Washington Mudslide Response Is A Community Effort
RACHEL MARTIN, HOST:
This is WEEKEND EDITION from NPR News. I'm Rachel Martin. Washington state residents held a moment of silence yesterday to honor the victims of the massive mudslide that flattened a swath of a small rural community. Search teams have pulled 18 bodies from the mud and debris. But the number of missing has fallen sharply, down to 30. Barbara Tolbert is the mayor of Arlington, Washington, one of the towns nearest to the affected area. She says fire and rescue workers from her town were among the first on the scene. Thanks so much for being with us.
BARBARA TOLBERT: Thanks, Rachel.
MARTIN: What can you tell us, Barbara, about the ongoing rescue operation?
TOLBERT: I could tell you that they're still going on. We're facing some inclement weather. It's raining again this weekend, which makes the rescue and recovery efforts a little bit slow-going. Very challenging weather for the people that are up there working the site.
MARTIN: You say rescue and recovery. It has been a week since the slide occurred. Is there any hope that anyone might still at this point be found alive?
TOLBERT: We all have great hope and prayers that some miracle will happen. But I think we're facing the reality. We haven't rescued anybody since the day the slide happened.
MARTIN: Are you getting all the support you need from the state and federal government?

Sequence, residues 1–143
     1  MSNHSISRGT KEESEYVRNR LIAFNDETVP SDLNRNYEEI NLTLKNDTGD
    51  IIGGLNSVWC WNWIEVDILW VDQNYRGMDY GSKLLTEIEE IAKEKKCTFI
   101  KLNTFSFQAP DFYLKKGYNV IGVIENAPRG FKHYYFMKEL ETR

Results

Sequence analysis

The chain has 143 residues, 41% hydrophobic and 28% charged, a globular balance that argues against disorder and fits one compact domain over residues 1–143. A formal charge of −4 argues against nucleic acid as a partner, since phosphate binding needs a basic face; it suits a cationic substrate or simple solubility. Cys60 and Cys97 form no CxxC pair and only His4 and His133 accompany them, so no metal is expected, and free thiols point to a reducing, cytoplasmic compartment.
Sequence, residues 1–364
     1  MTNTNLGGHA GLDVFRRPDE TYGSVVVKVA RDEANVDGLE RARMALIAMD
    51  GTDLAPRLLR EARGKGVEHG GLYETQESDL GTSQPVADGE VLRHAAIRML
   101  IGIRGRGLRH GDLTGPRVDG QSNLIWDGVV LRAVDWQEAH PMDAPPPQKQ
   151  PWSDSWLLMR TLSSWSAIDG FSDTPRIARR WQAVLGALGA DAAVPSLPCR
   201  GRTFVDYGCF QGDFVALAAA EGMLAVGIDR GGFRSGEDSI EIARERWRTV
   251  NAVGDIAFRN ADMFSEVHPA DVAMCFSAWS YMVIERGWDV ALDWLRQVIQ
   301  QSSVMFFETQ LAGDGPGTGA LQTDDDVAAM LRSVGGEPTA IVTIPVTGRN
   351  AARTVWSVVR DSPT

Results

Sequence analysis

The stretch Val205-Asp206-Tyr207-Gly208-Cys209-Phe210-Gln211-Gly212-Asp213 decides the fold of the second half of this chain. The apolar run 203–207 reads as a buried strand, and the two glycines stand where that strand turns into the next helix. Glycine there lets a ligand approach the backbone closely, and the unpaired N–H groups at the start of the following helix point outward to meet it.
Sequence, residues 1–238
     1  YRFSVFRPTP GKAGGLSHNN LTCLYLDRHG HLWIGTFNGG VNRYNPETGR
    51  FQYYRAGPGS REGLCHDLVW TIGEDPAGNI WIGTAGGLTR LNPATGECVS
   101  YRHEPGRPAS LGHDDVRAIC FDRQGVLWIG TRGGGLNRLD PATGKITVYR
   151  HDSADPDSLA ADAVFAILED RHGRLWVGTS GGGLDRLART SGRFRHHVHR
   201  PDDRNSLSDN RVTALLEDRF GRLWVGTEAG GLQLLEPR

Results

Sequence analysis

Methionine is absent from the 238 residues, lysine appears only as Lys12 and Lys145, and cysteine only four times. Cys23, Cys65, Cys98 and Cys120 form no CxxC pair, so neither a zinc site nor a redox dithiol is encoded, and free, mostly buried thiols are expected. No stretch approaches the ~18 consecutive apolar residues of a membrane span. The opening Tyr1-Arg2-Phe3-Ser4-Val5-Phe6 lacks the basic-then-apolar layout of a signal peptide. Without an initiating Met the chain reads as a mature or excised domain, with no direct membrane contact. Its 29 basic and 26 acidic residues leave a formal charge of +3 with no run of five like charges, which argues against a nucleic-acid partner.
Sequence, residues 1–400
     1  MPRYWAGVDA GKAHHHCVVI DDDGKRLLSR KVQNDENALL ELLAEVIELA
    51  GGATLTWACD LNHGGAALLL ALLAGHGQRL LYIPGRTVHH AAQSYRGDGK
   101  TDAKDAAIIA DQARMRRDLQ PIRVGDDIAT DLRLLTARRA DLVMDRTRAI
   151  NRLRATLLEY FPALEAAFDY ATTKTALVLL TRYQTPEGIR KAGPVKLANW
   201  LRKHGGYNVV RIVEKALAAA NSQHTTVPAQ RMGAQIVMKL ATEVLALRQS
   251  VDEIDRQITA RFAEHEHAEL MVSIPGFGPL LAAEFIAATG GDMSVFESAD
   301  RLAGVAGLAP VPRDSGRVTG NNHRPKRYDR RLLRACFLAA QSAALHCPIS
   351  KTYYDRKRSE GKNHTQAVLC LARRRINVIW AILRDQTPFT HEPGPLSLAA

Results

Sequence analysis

TOLBERT: From the local level to the national level. It's just been amazing how quickly we can marshal the forces. We have about a thousand new faces in town this week. One of our old high schools has been taken over by the FEMA site. Hundreds of workers coming in to rest our weary troops. I've not seen this level of support marshaled in such a quick time ever.
MARTIN: I understand you've been down to see the devastation firsthand. Can you describe what you saw?
TOLBERT: I can tell you that the pictures that we've seen on the news and in the papers don't do it justice. It is completely overwhelming. It's literally one scoop of dirt at a time as they sift through a mud pile and everything is the same color gray. And as they pull debris out, water backfills the area that they've pulled things out. And it's just an incredibly ongoing challenging mission to get through that debris pile.
MARTIN: Do you know folks, do you know families who have lost loved ones in this?
TOLBERT: I do, Rachel. And I think this is something that people need to understand in these small communities. These are communities that have such deep, solid roots to them. It's not unusual to meet somebody who's fifth generation and is Stillaguamish Valley, or Stilly Valley as we call the area. We all know people. We're all connected. Four of my friends and my family's friends from church and other associations are still on the list of people missing.
MARTIN: How are the residents of your town holding up? Many of them have been involved in the rescue and recovery effort. That is hard work.
TOLBERT: It's really hard work. And now that we're a week into this, we're seeing the strains on them, seeing the weariness in their eyes. That's the next concern, is how we can emotionally keep up. This is an amazing town and it's an amazing area. Very resilient. The way that the town has come together has been amazing. Having the world really wrap its arms around us and care about our community has given people some of the strength and energy they know they need to keep going and keep being there caring for each other.
MARTIN: Barbara Tolbert. She is the mayor of Arlington, Washington, speaking to us about last week's tragic mudslide near there. Thank you so much for speaking with us, Barbara.
TOLBERT: Thank you, Rachel.
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